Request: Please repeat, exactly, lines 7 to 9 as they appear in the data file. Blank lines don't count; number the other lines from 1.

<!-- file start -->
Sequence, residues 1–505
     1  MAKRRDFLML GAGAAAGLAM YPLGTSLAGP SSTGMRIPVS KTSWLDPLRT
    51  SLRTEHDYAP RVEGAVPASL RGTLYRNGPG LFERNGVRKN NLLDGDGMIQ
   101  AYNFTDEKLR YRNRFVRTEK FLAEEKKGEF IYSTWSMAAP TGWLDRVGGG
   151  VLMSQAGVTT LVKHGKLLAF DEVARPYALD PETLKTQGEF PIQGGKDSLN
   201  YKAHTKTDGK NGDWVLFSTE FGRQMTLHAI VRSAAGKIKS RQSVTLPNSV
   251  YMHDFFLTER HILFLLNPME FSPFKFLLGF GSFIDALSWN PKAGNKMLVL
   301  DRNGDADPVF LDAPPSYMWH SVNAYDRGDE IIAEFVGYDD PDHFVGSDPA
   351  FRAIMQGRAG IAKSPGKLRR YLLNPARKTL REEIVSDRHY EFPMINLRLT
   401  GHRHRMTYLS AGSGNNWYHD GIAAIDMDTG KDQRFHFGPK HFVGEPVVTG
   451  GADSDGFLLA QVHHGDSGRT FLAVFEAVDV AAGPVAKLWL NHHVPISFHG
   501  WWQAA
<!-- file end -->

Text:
   251  YMHDFFLTER HILFLLNPME FSPFKFLLGF GSFIDALSWN PKAGNKMLVL
   301  DRNGDADPVF LDAPPSYMWH SVNAYDRGDE IIAEFVGYDD PDHFVGSDPA
   351  FRAIMQGRAG IAKSPGKLRR YLLNPARKTL REEIVSDRHY EFPMINLRLT